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ANGEL FIRE/ TAOS — Most Coloradans are at least familiar with the term 14ers. For those who aren’t, 14ers are mountain peaks that rise above 14,000 feet in elevation. The 54 in Colorado present a challenge to those hardy souls who seek to conquer the tallest of the tall. For others, a rewarding hike has less to do with the elevation of the climb and everything to do with the quality of the trek. And so it was with that in mind I made my way to New Mexico to hike to the top of its tallest mountain: Wheeler Peak. Located northwest of Angel Fire and northeast of Taos, Wheeler Peak is at the center of the Enchanted Circle scenic byway, which goes through mountains, mesas, valleys and national forests in north central New Mexico. Wheeler Peak is not a 14er (New Mexico has no 14ers), but it does stand tall at 13,161 feet. The mountain exists within the 19,661 acre federal wilderness area that was given its name. Wheeler Peak Wilderness was established in 1964, and protects not only Wheeler, but a number of other dramatic peaks, lakes, and valleys in a wild and pristine area that abuts the large and busy Taos Ski Valley. One of the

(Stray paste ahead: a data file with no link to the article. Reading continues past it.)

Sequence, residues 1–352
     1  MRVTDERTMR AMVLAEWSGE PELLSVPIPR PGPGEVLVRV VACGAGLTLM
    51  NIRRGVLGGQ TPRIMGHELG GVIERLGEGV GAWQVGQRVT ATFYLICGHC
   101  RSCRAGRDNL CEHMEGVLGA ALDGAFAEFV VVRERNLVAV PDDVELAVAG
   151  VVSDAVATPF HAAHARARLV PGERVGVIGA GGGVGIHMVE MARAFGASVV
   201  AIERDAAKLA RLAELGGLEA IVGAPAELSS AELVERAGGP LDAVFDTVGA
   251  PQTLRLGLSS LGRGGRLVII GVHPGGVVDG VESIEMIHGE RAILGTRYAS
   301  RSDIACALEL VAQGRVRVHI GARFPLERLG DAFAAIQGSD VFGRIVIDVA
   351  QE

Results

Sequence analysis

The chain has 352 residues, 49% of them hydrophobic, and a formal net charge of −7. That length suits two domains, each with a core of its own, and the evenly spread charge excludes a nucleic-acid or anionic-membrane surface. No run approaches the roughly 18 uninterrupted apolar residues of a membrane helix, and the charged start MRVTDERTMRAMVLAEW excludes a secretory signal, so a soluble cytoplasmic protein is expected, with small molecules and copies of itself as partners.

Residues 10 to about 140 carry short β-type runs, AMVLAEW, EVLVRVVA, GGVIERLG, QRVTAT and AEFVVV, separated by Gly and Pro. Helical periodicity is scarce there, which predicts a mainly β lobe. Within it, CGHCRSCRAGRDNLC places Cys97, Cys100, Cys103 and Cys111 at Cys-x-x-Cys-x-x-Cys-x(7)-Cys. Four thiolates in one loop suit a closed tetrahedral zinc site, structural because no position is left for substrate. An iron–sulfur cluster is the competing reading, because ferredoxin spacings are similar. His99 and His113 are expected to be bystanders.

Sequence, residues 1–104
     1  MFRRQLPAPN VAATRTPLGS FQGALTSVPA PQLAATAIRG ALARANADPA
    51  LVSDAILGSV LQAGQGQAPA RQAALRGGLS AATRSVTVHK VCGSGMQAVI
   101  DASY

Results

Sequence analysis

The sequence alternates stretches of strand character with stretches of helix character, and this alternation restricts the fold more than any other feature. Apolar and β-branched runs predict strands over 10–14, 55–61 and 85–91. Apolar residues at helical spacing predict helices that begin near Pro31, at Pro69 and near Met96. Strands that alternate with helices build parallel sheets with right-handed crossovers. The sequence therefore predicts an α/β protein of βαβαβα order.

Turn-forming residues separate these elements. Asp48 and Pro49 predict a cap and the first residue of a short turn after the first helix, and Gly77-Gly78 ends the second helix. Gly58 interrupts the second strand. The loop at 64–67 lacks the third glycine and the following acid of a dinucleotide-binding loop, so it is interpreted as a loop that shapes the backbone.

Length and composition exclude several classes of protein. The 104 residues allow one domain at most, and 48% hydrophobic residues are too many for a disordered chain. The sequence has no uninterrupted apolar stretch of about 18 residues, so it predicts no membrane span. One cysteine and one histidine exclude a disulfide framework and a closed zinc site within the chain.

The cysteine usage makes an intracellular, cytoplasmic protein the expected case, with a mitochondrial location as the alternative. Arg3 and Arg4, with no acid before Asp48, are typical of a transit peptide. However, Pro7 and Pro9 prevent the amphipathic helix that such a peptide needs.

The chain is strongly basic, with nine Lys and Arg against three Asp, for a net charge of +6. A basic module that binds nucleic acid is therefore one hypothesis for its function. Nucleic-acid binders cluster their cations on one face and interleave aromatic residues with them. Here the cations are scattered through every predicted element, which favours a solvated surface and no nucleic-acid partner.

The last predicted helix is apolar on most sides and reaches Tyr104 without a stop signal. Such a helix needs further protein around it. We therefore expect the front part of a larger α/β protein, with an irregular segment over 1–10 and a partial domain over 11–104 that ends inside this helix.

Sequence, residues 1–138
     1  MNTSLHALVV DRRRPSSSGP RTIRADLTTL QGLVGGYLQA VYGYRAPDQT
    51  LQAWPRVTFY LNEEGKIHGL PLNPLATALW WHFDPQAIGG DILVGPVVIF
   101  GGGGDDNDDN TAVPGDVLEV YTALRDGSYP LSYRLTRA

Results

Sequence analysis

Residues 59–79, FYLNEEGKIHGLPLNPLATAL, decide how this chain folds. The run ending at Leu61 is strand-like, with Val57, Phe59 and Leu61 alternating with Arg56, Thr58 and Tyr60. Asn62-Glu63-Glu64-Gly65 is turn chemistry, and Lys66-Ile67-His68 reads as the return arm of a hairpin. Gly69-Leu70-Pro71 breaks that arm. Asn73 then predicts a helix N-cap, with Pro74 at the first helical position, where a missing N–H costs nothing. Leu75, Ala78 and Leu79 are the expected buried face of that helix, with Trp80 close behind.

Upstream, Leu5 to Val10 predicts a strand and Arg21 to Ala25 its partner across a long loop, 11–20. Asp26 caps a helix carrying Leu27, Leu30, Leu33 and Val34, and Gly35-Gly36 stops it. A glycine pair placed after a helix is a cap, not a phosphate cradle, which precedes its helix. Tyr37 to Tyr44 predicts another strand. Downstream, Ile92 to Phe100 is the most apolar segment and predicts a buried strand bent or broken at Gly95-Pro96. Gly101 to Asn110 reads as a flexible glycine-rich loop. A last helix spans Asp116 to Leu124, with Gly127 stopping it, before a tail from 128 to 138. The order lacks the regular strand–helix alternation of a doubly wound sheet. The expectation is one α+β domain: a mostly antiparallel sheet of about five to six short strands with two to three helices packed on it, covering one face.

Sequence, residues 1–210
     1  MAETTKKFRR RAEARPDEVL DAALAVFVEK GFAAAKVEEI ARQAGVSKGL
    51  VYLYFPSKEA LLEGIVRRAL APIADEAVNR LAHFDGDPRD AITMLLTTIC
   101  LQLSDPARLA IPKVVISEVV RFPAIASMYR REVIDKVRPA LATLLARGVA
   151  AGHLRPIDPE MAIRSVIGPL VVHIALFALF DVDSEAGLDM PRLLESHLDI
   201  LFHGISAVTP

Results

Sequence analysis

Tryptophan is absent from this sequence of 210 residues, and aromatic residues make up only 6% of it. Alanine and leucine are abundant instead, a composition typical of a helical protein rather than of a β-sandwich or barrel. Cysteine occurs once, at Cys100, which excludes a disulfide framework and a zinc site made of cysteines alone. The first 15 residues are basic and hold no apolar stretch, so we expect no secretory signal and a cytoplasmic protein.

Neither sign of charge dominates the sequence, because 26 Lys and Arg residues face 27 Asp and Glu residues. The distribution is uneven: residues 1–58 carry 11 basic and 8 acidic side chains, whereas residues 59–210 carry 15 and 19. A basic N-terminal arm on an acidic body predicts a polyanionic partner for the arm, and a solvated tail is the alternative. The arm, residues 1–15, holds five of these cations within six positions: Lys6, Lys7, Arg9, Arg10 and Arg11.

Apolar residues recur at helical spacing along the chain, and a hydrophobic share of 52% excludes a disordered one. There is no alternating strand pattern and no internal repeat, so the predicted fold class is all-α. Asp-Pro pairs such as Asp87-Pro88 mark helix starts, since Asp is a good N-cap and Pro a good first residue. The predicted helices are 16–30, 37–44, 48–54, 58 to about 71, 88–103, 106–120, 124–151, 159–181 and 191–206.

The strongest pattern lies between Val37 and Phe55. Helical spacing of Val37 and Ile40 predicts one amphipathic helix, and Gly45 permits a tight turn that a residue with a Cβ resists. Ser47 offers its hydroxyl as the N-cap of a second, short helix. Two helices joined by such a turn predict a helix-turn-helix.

two trails that head to Wheeler Peak originates at the edge of the Taos ski area near the Bavarian Lodge. Not counting the walk from the parking area to the trailhead, the Wheeler Peak Summit Trail (#67) is 4.1 miles one way. This doesn’t sound like such a long trail, but what it lacks in length, it makes up for in steepness. The first two miles of the hike are actually the Williams Lake Trail (#62) and are a relatively easy hike starting at 10’200 feet and ending at 11,100 feet. It’s later when the hike gets tough. The first stretch of the trail meanders through a spruce-fir forest that is characteristically dense and dark with few understory plants. The forest opens up at a few points as the trail passes large lichen-covered rock fields where the first good views of some of the surrounding peaks are offered. At mile two a sign post shows that the hike to Wheeler Peak continues to the left and Williams Lake is off to the right. It is certainly worth heading the very short distance to view the lake, take a break and view the reflections of mountain tops in the water. From the sign post, the Wheeler Peak Summit Trail steepens (and doesn’t let up) as it cuts through the Englemann spruce and subalpine fir trees to a point where conditions are no longer favorable for their growth. Here, the environment is too high, too windy, and too cold for trees to thrive. Here is also where the sublime beauty of the hike becomes evident as the trail continues its ascent and skirts the mountainside. A huge, mountain peak-rimmed bowl (carved by glaciers that retreated 10,000 years ago), comes into full view. The hiker is treated to this scenery all the rest of the way to the top of Wheeler. In this alpine region animals abound: Bighorn sheep—accustomed to hikers—lay chewing their cud and ignoring trekkers, chubby marmots whistle as they scurry about or lounge on large rocks as they nosily watch the passers-by and chirping picas nervously skitter away from hikers and birds of prey soaring above. It is quite something to witness all this activity just as it is good to have the diversion as you take a break from what now seems like a relentless climb. As the trail nears its terminus, it gets tough over fields of scree — loose rocks which need to be crossed over carefully—until the climb finally evens out at the saddle that connects Wheeler to other peaks. Here hikers can catch their breath as ironically they get to view a breath-taking panorama: a 360 degree view of peaks near and far, lakes and a verdant valley far below the saddle, and to the right—just a short distance away—13,161 foot Wheeler Peak. This is definitely a 13er worth experiencing. Information about this trail and others in the Wheeler Peak Wilderness can be accessed through the Carson National Forest website. Trail maps are available for free at the Visitor Center at Taos Ski Valley.